Regulation of Female Sexual Function
The mechanisms governing female sexual function are among the most complex in the human body. It is not surprising, therefore, that they are extremely susceptible to dysfunction. The central regulatory organ is the hypothalamus, which not only contains receptors for all the peripheral hormones, but also serves as a relay point between the endocrine system and environmental influences. It is from here that the “master” endocrine gland, the anterior pituitary, is controlled by the secretion of low-molecular polypeptides called releasing factors. These stimulate the pituitary to secrete adrenocorticotropic, somatotropic, and thyrotropic hormones (ACTH, STH, TSH, respectively), prolactin, as well as the gonadotropic hormones that control ovarian function: follicle-stimulating hormone (FSH) and luteinizing hormone (LH). Follicle maturation, ovulation, corpus luteum formation and, thus, the cyclic production of the principal female sex hormones, estrogens and progesterone, occur under their influence. Estrogens and progesterone are ultimately responsible for the development of the typical female secondary sex characteristics: the growth of the breasts and uterus, the cyclic changes in the endometrium, and menstruation. In addition to their peripheral function, they also exert positive or negative feedback effects on the hypothalamic centers, thus giving rise to a number of closed-loop regulatory mechanisms.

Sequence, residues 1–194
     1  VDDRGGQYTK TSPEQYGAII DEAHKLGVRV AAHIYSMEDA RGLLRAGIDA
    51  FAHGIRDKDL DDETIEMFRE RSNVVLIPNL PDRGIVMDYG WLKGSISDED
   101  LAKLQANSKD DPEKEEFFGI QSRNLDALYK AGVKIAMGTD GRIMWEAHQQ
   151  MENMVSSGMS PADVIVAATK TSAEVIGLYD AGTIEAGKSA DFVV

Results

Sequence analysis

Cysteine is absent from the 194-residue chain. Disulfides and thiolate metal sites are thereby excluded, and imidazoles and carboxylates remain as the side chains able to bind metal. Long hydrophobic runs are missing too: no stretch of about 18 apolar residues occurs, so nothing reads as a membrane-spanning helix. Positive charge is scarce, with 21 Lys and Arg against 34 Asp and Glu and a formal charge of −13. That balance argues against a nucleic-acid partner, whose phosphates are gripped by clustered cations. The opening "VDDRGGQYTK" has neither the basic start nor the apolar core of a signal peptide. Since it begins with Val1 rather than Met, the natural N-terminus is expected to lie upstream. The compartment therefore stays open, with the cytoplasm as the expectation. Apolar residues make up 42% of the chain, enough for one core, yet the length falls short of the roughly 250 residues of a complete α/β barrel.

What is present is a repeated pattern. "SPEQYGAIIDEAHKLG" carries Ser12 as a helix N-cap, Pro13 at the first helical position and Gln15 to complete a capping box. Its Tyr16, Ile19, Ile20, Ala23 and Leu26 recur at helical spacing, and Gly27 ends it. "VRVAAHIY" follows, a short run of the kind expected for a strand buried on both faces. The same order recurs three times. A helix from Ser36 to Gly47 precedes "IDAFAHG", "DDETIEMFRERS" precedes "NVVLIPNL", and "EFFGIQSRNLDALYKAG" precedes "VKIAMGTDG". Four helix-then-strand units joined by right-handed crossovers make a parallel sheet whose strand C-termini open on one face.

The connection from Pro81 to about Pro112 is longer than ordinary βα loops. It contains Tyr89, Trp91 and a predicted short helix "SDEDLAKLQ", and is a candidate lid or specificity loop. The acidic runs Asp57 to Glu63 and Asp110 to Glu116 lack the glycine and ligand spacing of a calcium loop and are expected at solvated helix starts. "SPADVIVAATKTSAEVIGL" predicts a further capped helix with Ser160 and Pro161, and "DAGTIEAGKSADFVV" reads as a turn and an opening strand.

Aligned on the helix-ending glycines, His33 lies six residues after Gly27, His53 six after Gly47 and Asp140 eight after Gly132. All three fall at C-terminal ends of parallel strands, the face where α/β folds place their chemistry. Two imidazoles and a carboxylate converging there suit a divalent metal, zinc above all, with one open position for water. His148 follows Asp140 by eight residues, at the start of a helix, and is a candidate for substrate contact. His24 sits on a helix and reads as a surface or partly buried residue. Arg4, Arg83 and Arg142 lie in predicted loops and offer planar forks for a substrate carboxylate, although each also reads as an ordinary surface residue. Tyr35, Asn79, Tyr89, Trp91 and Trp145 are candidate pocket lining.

KeywordsEstrogen Dopamine Adenoma Serotonin Polypeptide
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